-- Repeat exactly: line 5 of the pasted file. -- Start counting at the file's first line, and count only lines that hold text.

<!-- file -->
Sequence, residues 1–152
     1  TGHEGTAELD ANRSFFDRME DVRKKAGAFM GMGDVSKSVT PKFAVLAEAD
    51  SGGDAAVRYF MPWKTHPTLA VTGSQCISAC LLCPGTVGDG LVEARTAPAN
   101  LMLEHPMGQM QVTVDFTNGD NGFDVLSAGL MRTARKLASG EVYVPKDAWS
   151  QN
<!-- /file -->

   151  QN